In this tutorial we will look at how to quickly assemble a binary that can be run on another machine. As an example, assume: your friend would like to give a quick test of your software on their machine. For this purpose, it does not make much sense for your friend to spend time and effort into compiling your code from source (which also means libraries installation and environment setup), but rather to use already compiled executable of your program. One of the biggest assumption is that both of yours and friend’s machines have the same Windows version and platform.
If you use Qt and OpenSceneGraph for development of your software, you would have to join a bunch of files to accompany your executable. Those files are called libraries and have an extension of
.dll. If you ever encountered an error which says
dll cannot be found when you run any program, it means some libraries are missing.
I am going to provide a list of some
dll files that will most probably be useful for any Qt + OpenSceneGraph project, as well as an example of the folder structure where you place your binary. With all that, it is straightforward to copy the necessary files and then run an executable of quite sophisticated program.
For the majority of
dll files, the rule is pretty simple: they must be placed same folder where the binary is.
If you use some plugins, for example, your program uses OSG plugins to read third-party files, or Qt plugins to display icons, you have to create a plugin folder with the same name as in the
Much easier to see it on an example: assume you are using some serialization plugins of OSG. Your program will not function properly without the necessary plugins, so you have to copy them:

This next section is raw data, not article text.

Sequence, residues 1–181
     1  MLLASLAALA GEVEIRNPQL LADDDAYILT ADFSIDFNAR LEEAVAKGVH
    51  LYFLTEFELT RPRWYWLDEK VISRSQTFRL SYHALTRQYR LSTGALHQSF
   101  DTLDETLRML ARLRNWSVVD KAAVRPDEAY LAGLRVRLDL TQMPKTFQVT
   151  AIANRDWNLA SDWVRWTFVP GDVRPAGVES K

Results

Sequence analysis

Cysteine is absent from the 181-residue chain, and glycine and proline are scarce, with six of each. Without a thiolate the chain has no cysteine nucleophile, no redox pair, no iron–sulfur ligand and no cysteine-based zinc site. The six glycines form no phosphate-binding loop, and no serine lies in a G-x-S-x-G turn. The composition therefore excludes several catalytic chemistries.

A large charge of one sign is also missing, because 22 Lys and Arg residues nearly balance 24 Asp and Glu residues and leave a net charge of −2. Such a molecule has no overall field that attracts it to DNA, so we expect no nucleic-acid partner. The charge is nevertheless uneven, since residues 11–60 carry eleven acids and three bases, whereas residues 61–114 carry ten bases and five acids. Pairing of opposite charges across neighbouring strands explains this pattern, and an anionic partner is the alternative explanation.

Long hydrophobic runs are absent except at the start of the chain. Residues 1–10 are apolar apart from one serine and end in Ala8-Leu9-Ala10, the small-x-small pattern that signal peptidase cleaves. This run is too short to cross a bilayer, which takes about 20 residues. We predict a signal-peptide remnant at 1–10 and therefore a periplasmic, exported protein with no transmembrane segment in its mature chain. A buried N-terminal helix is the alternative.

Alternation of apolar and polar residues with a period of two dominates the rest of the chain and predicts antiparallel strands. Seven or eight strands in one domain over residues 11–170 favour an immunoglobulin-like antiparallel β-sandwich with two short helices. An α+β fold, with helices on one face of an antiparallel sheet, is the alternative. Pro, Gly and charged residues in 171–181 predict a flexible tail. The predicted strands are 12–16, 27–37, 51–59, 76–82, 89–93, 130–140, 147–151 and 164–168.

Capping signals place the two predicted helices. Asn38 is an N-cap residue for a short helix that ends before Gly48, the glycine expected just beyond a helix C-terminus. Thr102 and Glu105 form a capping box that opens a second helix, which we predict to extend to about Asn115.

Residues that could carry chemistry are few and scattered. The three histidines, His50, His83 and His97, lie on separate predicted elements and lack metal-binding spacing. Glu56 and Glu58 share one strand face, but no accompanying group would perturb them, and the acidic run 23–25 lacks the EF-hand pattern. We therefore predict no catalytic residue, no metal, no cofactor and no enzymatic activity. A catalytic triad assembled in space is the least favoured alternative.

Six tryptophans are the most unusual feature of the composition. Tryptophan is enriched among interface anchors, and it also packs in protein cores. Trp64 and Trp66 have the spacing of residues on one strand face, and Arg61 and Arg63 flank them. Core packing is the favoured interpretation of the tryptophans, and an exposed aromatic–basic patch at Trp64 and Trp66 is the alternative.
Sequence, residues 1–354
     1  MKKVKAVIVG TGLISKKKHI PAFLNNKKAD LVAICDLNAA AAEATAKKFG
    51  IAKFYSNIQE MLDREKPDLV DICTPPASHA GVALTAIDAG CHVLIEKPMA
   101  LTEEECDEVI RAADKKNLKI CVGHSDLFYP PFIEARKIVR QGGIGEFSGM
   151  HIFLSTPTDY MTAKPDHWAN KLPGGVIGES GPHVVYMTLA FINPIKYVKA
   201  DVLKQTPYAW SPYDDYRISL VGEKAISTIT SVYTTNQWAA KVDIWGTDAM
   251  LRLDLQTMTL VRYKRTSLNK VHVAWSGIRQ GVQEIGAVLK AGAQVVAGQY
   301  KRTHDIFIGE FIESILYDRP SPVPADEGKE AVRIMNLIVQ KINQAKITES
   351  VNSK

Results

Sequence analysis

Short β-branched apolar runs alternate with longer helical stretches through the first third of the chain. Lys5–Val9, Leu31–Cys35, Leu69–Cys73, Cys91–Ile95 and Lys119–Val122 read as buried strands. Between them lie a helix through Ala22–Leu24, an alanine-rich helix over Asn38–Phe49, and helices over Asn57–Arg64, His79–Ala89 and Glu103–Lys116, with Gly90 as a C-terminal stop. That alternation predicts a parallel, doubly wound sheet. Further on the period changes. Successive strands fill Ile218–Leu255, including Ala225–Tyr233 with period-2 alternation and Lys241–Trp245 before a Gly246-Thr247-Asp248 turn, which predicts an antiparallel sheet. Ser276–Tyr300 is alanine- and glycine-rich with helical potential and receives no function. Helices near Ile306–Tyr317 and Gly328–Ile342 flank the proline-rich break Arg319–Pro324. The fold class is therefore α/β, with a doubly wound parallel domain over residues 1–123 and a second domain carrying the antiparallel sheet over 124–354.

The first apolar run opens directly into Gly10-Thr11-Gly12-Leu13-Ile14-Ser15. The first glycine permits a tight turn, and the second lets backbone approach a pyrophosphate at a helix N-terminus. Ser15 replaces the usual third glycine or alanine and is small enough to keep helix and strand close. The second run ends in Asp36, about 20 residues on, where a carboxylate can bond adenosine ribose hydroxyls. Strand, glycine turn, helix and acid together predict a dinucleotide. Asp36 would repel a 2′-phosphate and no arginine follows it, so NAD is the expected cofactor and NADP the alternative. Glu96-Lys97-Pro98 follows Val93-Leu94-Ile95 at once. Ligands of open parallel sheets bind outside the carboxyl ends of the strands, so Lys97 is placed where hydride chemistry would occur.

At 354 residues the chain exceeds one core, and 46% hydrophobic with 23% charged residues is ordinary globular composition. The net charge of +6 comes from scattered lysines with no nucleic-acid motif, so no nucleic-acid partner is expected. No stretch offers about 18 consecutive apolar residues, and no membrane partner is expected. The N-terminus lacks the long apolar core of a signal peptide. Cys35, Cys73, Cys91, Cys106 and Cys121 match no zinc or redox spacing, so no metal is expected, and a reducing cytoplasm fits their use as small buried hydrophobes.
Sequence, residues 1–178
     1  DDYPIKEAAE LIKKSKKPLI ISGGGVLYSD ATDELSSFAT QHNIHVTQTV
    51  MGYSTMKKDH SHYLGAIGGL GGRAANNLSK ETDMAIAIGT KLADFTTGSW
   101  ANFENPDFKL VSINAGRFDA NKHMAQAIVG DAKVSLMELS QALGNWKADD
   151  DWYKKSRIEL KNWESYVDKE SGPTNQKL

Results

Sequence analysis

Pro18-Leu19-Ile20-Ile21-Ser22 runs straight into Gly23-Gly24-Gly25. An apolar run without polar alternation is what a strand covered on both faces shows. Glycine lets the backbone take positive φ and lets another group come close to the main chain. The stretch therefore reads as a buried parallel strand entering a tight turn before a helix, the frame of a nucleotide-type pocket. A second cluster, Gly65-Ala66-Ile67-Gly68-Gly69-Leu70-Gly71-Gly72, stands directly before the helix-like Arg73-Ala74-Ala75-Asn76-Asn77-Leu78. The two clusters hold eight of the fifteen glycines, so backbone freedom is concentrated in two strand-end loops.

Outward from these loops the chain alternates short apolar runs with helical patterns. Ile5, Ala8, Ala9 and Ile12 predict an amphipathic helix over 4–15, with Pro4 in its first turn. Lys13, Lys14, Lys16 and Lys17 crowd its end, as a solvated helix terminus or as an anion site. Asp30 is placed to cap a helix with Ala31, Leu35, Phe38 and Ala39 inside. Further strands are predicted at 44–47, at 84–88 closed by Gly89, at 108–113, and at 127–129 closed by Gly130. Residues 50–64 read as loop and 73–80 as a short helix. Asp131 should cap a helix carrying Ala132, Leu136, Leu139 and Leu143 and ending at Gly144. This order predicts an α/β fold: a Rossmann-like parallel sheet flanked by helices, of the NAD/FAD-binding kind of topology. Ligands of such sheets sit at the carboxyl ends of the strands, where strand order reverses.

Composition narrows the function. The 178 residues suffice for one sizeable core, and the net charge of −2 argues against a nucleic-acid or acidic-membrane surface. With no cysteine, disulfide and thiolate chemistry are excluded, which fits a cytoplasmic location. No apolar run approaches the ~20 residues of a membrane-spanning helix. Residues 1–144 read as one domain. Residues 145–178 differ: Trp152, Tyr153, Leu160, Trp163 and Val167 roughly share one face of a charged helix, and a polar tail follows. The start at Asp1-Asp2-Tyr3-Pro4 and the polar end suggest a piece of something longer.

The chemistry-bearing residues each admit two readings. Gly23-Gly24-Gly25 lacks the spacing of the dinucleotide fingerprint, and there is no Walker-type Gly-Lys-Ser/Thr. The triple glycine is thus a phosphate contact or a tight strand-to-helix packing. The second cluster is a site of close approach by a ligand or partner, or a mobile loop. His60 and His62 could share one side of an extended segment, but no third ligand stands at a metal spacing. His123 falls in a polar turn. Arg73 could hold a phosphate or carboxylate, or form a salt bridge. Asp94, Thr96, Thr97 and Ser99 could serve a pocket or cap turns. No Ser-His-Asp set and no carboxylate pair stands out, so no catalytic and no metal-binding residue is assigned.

- first, go to the OSG installation folder
- from the root installation folder, go to
- there you will notice a plugin folder, e.g.
\osgPlugins-3.4.0; create folder with the same name at your executable folder
- copy the necessary
dllfiles; to be safe I always copy all the
dllfiles from plugin folder
Same principle follows any Qt plugins that you use. Normally, the Qt’s plugins are located at
$QT_ROOT_PATH/plugins/used_plugin_folder. For example,
imageformats contain libraries to read different image file formats. If you use any plugin from
imageformats folder, you need to create a folder
imageformats in the directory of your executable and then copy the necessary
Other library files
This is the list of other
dll files that may be necessary to run a Qt executable:
- library files of folder
$QT_ROOT_PATH/plugins/platformswhich need to be copied to the corresponding
platformsfolder of executable directory
- libraries such as
icuuc53.dll(the number at the end can differ) - located at the
bindirectory of Qt root folder
lib*GL*.dlland other OpenGL-related files that can be found in
bindirectory of Qt root folder
A folder structure example
After I assembled a folder for an executable of my CAD-like program, these are some files that ended up in my
As I found out later, that list is not complete in case if there is no Visual Studio installed. Depending on the MSVC version which was used for compillation, the next files are needed to be added to the root folder:
XYZdenotes a number, for example
msvcp140.dllfor Visual Studio 2013
VCRuntimeXYZ.dllwith the same
Both of these files are located at